It’s that time of year again, the season of Super Bowl advertising hype.
These companies, who will spend $4.5 million for a 30-second ad, are taking advantage of a rare opportunity, so we are told, to reach more than 100 million people. Only by advertising on the Super Bowl can your message be seen by so many people at one time.
But why is it better to reach more people at one time?
I believe that virtually all of the money spent on Super Bowl advertising is a waste. Most companies would be better off if they didn’t spend $150,000 per second to blast their message out during the big game, because they will not get a good return on this investment, even when you consider all of the other “buzz” and collateral exposure that surrounds Super Bowl advertising.
I assume few of my readers are involved in Super Bowl advertising this year, but all of us can learn from the mistakes of these large companies. Here are the four lessons we can all learn:
Lesson 1: It is not better to reach more customers at one time
The most common form of Super Bowl hype is the idea that this is the only time advertisers can reach such a large audience at one time. So what?
Whenever you reach a broader audience with your marketing message, you are, by definition, reaching more people who aren’t interested in your message. Let’s say that 5 million of the 100 million people watching the Super Bowl are interested in your ad. That means you are paying to show your ad to 95 million people who don’t care. And NBC is not offering advertisers a “volume discount” to reach this many people; the cost per thousand viewers (CPM) for the Super Bowl this year is about $40, which is not an especially good deal.
So why is it better to reach more people? Why not reach the right number of people, at the right times, with the right messages?
Similarly, if you work for a smaller company, don’t be lulled into believing that a message reaching more people is better than one reaching fewer people. Don’t spread your messages a mile wide and an inch deep; do the opposite and be narrow and deep.
Lesson 2: “Capturing eyeballs” is not a marketing goal
There is no doubt that the Super Bowl is a TV event in which people actually look forward to watching the commercials, and this is often used as a reason to justify the large investments companies make in these ads. But the goal of advertising and other marketing communications is not to get people to see our messages, it is to get them to buy from us. You don’t make money just because someone laughs at your ad.
Lesson 3: Don’t concentrate too much of your budget in one place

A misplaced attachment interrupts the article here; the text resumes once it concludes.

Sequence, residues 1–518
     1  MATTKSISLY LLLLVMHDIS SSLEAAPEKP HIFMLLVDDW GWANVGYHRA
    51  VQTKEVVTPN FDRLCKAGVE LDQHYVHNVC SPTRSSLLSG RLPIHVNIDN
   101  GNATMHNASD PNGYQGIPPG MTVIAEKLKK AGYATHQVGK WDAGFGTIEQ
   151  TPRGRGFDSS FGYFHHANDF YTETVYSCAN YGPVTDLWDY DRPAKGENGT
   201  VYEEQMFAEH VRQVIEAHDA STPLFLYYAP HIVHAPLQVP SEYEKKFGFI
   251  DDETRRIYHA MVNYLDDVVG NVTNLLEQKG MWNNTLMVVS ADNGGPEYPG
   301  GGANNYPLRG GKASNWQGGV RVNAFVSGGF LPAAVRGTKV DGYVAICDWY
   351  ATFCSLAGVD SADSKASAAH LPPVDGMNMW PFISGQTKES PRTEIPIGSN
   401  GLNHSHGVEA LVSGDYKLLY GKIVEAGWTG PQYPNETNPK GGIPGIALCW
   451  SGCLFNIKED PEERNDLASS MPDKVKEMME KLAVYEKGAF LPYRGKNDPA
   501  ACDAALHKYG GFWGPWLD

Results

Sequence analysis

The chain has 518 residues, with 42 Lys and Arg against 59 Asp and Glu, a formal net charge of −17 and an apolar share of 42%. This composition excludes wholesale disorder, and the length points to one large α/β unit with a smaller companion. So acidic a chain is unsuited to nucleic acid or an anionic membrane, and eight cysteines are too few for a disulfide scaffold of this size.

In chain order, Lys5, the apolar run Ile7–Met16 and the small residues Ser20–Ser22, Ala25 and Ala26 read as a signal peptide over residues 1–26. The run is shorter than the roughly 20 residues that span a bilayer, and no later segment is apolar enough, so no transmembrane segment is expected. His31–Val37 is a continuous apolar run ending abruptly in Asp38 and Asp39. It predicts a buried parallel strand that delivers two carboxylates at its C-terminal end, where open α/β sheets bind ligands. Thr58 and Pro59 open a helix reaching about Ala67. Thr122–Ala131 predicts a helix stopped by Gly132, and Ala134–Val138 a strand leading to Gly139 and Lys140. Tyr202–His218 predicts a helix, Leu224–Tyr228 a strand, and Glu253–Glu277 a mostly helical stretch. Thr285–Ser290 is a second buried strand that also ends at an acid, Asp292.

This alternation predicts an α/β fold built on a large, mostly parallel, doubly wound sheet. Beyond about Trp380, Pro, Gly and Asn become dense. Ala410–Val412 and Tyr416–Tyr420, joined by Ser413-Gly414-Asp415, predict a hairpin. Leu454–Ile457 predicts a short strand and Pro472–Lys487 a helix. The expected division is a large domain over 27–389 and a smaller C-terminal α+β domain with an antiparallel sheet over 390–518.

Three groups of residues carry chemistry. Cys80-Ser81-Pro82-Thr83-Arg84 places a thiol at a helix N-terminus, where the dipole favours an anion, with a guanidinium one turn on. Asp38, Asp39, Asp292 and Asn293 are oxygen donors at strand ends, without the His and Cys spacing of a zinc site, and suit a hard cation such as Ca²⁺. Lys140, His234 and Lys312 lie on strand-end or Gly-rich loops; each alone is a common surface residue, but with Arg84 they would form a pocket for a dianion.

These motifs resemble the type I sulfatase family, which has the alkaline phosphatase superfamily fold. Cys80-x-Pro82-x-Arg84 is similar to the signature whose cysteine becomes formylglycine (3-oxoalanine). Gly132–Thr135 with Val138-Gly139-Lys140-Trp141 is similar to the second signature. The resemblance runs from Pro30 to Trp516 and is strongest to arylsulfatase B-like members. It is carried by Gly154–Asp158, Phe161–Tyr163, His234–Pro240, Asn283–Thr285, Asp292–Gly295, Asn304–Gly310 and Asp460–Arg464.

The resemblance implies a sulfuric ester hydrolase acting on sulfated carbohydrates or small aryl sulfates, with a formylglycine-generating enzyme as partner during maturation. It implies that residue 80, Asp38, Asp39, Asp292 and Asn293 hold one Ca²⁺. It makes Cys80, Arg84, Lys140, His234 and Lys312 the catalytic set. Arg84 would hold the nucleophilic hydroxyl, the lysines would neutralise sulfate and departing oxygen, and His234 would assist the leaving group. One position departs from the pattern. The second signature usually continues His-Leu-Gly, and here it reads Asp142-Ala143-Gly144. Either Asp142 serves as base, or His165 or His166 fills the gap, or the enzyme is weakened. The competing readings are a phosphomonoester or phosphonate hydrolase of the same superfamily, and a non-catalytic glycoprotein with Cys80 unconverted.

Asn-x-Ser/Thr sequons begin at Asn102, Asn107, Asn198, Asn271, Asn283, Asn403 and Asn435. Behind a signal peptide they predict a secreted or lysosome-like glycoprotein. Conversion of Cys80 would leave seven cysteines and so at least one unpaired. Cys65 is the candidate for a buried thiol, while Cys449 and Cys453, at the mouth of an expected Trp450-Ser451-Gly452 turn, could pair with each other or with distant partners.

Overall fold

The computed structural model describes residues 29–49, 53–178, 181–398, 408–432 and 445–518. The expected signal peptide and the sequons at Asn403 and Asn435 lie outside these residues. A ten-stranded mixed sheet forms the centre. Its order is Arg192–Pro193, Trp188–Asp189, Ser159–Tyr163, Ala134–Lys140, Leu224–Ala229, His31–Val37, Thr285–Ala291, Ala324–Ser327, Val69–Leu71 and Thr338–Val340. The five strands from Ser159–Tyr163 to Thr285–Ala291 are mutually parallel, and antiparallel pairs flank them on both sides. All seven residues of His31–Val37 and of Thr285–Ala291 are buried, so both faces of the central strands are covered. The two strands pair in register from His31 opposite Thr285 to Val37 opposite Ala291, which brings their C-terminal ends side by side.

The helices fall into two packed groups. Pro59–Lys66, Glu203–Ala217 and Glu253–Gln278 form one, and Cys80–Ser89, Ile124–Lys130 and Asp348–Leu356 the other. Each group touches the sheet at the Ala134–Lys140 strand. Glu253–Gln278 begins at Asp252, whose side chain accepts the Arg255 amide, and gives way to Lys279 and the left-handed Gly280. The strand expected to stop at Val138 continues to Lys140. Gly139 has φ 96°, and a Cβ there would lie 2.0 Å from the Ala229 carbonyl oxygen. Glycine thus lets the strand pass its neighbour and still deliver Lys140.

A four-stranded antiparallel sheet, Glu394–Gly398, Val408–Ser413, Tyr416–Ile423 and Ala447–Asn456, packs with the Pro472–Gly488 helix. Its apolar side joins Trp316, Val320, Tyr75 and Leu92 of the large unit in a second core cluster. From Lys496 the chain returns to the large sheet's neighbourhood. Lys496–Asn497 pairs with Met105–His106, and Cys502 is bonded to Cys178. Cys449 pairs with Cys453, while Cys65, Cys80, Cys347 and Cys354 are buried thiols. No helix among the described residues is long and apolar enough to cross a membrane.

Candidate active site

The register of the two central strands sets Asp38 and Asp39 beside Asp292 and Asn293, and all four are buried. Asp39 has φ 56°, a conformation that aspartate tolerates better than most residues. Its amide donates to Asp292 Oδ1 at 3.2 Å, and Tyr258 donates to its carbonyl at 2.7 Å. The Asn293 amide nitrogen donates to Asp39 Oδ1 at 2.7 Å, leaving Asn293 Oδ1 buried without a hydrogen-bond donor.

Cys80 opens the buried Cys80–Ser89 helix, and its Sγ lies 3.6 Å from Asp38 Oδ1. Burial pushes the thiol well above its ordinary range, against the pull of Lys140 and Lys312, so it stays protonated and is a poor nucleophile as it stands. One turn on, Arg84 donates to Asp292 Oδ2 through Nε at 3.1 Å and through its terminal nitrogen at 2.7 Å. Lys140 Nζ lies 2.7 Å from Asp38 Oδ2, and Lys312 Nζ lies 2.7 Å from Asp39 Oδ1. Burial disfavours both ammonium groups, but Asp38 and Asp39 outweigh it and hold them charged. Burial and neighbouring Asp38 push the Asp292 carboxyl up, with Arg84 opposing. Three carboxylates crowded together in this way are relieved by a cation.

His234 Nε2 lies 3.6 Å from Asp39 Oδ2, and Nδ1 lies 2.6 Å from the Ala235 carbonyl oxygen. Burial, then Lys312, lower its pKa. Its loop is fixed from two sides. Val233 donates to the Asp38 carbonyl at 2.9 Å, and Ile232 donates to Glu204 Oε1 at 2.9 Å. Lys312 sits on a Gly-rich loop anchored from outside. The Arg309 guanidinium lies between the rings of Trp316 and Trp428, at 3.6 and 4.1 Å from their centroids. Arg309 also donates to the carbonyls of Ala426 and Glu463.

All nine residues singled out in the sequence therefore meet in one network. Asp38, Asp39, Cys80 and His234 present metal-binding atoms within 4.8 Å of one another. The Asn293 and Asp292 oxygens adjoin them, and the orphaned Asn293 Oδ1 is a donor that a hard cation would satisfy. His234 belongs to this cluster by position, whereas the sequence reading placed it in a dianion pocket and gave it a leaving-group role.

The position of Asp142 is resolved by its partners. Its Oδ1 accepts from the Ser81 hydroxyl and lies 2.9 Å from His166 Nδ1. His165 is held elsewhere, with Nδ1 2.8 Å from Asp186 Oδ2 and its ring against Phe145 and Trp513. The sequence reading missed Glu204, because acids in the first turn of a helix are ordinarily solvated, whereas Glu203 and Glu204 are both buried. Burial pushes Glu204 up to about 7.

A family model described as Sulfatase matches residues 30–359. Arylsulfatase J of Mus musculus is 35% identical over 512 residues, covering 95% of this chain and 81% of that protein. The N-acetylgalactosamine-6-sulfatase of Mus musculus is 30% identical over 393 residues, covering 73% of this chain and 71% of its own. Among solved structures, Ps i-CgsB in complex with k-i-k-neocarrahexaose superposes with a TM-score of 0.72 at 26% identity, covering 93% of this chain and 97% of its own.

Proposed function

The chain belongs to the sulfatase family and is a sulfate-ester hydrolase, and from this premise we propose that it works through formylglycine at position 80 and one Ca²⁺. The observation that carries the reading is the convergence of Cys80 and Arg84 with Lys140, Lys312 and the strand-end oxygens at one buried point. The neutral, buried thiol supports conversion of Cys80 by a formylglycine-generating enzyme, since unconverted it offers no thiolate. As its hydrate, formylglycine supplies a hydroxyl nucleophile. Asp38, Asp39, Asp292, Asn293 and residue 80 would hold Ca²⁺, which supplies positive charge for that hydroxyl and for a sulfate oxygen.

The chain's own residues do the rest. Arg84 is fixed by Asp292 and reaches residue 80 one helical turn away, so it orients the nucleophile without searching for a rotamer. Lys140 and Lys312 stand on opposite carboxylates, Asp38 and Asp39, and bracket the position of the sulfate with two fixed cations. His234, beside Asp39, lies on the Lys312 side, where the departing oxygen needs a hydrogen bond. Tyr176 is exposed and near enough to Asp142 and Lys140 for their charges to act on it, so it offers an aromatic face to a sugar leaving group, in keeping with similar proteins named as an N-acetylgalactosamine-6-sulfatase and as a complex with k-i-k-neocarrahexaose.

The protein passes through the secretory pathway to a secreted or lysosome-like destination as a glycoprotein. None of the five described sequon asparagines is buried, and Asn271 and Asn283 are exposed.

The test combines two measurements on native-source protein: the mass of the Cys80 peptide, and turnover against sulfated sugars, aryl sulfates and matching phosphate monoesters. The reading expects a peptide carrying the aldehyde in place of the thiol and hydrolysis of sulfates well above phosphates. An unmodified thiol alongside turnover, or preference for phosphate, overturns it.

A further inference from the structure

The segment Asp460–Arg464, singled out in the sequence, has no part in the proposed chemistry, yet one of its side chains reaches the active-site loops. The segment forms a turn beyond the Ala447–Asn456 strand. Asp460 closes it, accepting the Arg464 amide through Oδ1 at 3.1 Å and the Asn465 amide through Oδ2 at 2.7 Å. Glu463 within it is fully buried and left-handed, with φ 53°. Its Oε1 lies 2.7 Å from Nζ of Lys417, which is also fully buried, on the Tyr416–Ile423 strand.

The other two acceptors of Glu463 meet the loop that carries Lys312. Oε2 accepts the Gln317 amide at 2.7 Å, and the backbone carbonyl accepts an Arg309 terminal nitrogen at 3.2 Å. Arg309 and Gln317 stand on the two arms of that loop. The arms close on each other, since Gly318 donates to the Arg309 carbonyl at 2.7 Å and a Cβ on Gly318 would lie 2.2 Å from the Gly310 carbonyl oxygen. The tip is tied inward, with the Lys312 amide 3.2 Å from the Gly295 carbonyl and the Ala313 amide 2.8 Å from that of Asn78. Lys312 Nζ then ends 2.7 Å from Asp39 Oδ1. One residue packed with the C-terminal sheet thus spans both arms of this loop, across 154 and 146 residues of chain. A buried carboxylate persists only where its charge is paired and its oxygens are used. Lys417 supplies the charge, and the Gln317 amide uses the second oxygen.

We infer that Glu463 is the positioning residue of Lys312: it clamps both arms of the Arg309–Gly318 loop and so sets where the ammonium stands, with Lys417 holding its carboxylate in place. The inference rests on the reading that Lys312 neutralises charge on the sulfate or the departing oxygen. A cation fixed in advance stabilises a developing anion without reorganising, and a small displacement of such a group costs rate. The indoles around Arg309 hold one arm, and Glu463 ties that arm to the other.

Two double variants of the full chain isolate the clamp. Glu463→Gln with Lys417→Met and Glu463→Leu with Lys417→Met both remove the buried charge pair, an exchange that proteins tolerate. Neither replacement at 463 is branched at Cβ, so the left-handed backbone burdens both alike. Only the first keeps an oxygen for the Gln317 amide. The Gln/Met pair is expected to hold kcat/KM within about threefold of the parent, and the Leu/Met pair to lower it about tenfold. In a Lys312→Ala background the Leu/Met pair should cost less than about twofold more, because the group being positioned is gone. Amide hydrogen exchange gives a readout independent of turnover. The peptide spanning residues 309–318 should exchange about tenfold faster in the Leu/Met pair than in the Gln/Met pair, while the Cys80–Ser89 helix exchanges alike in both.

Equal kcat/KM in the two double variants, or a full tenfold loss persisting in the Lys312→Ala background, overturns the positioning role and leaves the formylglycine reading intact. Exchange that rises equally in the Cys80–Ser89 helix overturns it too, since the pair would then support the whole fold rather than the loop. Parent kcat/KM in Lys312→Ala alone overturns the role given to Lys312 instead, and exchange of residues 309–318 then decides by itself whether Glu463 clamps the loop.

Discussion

If you think about what causes people to buy from you, it doesn’t take long to realize that advertising is only one of many inputs to that process. And, more importantly, advertising is usually a very weak driver of purchase behavior. It is critical to allocate your marketing spending in a way that enables you to create an integrated set of experiences for your customers, creating a sense of brand harmony that helps them form powerful beliefs about your company and/or its products.
Maybe Bud Light and Coke can afford to put so many eggs in one basket, but most other companies, including yours, can’t afford to concentrate so much of their marketing in one place. Loctite, the maker of Super Glue, is putting nearly all of its 2015 ad budget on one Super Bowl ad this year. If that doesn’t work out for them, at least they will have 11 months to plan for 2016. And Avocados from Mexico is spending $4.5 million on one ad. That’s a lot of guacamole!
Lesson 4: Marketing strategy is rarely good when it is dictated by what other companies are doing
Many companies advertise on the Super Bowl or other large events because they believe it is important to be seen in this venue along with other large advertisers, especially if those other advertisers are their competitors. That’s why six different automobile brands will be advertised during this year’s Super Bowl.
I have seen many companies base their marketing strategies on what their competition is doing. This is rarely a good idea, for two reasons. One, your business issues are different than the competition’s. Second, your competitors are most likely not marketing experts. So why should you follow them?
Who wins from this Super Bowl advertising madness? The advertising agencies and the networks. Have a look at an interview I did on the Fox Business Network with Neil Cavuto in 2009, a year that Fox carried the Super Bowl. Cavuto makes no secret that he is out to prove me wrong, because his parent company was making so much money from selling expensive ads to eager buyers.
So let’s learn these four big lessons from the big brands and take a strategic, comprehensive and harmonious approach to our marketing.
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